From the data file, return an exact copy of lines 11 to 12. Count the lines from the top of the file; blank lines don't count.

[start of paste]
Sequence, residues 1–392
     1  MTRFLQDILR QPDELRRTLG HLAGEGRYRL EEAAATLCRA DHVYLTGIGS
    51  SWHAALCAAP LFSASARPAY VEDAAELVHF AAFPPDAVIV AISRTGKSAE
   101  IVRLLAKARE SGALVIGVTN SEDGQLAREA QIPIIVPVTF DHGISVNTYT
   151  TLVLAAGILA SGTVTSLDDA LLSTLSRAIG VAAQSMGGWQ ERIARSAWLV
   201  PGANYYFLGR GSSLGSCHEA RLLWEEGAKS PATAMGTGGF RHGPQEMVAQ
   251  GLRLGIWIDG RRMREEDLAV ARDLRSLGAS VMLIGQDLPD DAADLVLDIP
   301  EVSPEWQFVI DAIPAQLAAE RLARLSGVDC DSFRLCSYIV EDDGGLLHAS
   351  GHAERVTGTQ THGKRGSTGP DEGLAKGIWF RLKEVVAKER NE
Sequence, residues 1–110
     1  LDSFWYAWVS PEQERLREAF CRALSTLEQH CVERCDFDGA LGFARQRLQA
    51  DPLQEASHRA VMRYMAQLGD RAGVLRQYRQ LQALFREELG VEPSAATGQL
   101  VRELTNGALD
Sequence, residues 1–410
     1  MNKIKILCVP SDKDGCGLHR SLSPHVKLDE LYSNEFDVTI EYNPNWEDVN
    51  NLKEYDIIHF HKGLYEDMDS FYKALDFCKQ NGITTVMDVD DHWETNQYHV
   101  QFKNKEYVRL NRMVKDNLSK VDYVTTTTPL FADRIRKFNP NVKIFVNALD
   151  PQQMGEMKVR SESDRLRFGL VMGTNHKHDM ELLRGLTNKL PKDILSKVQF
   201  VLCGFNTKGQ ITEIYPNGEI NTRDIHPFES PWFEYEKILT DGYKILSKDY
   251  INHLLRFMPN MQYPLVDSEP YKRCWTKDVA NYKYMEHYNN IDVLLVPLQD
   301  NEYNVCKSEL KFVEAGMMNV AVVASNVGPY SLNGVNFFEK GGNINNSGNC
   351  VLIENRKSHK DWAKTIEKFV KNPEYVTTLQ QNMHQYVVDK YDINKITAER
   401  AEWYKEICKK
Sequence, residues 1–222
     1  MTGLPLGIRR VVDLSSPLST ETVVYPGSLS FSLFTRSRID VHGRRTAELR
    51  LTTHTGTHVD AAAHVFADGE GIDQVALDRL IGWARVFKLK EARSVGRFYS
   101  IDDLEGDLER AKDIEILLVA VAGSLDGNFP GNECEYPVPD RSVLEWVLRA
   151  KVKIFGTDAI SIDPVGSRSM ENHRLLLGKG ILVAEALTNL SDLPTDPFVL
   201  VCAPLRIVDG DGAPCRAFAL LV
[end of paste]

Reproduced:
     1  LDSFWYAWVS PEQERLREAF CRALSTLEQH CVERCDFDGA LGFARQRLQA
    51  DPLQEASHRA VMRYMAQLGD RAGVLRQYRQ LQALFREELG VEPSAATGQL